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Metiria Turei’s welfare fraud disclosure raises the matter of privilege, writes Steve King.
Green Party co-leader Metiria Turei has admitted to benefit fraud. Cue an outpouring of criticism, ranging from fairly unveiled hatred, to more measured comment. I believe much of the criticism levelled at Ms Turei, while understandable from many quarters, also reveals much about those who are making the moral judgements.
I consider myself privileged. And fortunate. I am not particularly wealthy, but I have more than enough to live comfortably. I live in a country with a good public health system, and I have a satisfying job. Would I like to change some things about my job? Of course. Could the health system be better? Of course it could. But I am fortunate, and privileged.
I belong to the dominant ethnic group. I am male, and I am middle-class. Everything in our society is geared towards helping me along. My privilege is a consequence of matters of fortune over which I had absolutely no control at all. I had a comfortable upbringing.
Not without its problems and challenges and unpleasant bits, but overall, good. When I was younger, I enjoyed a wide network of social and family connections and support. These have helped me to weather life's storms and survive the tough times.
And I enjoy good health, so far. I am thankful for my good health. I try to look after my health. Could I do better? Of course. But overall, I am fortunate.
My paid employment has been mostly constant. There have been periods when I was unemployed, but they did not last for long. I didn't like it, and sometimes things were tough. Mostly, I was able to resume paid employment without too much trouble, although it has been more challenging as I have grown older. Could I have done better, and made something more of my life? Become more of a ''success''? Definitely.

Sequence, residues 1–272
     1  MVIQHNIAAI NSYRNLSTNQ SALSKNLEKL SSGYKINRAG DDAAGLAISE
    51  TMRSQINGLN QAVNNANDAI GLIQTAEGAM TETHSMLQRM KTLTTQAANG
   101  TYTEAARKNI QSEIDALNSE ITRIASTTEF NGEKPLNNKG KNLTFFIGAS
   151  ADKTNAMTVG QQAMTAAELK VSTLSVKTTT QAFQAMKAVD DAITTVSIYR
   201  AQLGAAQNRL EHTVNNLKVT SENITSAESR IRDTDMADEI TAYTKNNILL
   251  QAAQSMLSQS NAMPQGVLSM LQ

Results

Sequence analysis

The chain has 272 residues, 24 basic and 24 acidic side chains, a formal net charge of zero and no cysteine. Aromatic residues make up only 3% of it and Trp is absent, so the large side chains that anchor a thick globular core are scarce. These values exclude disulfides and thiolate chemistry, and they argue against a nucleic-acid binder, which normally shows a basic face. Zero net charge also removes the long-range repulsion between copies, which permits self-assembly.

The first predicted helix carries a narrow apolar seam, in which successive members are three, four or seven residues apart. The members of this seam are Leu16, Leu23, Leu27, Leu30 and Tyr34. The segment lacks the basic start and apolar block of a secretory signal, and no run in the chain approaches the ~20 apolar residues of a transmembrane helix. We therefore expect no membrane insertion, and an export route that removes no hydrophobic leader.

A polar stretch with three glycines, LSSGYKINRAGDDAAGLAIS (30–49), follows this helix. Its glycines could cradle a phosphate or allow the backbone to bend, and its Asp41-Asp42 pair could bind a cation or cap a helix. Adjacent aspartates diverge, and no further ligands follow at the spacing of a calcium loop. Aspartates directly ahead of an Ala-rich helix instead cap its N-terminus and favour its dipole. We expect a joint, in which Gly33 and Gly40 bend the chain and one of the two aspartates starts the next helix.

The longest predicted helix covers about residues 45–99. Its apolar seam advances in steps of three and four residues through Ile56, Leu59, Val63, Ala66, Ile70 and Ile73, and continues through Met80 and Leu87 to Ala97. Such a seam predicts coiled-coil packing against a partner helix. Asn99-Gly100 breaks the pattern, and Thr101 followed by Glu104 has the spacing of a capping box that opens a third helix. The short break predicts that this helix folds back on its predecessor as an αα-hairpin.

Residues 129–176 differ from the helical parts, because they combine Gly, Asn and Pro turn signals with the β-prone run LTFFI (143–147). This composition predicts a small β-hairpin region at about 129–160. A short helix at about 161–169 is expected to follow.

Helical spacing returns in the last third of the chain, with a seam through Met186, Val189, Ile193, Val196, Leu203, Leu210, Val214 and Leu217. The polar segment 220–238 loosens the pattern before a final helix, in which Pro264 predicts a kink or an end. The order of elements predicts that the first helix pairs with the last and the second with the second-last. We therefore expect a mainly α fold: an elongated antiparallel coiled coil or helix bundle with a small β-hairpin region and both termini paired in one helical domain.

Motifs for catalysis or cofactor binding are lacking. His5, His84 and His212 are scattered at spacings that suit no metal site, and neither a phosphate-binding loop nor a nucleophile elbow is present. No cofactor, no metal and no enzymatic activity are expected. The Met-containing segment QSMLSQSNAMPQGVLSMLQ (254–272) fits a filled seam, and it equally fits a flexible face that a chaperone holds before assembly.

I have made some poor decisions. And I have taken some risks which, thankfully, I survived. But by good fortune, not good management. I was in my 40s before I realised how much my father's style of money management had influenced me. But because of my privilege and good fortune, not my skill or ability, I got through.
Many people are not so fortunate. They do not have the benefit of privilege to help them along, or to cushion the blows of life. Their own start may have been very tough, and they have been playing catch-up from the cradle. Add to that a few poor decisions, and the results are far more damaging than my own poor decision-making was to me.
Or they may have suffered an adverse event, and without the supports and connections to help them through, things spiral downwards. When the pressure is on, sometimes there may only be unpleasant choices, which vary only in the degree of unpleasantness.
It's hard to make good choices when all of the consequences are going to hurt in some way. And if the powerful models in your life made poor choices, it's going to be a challenge to make better ones.
Sometimes, people like me are tempted to make judgements about people who are not so fortunate as them, who have made decisions, under pressure, which have negative consequences further down the line. It is easy to be unaware of our good fortune, and our privilege, and how much that has contributed to our ''success''.
Nothing happens in a vacuum. A person's success occurs in an environmental context that has contributed to that success in some way. But unless we are aware of it, it remains a cultural blind spot.
Which is why I will not criticise Metiria Turei for admitting that she broke the law to feed her child. Because if I had been in her situation, without my own life context of privilege and good fortune, I would almost certainly have done exactly as she has done.
-Steve King is a Dunedin resident and humanitarian worker.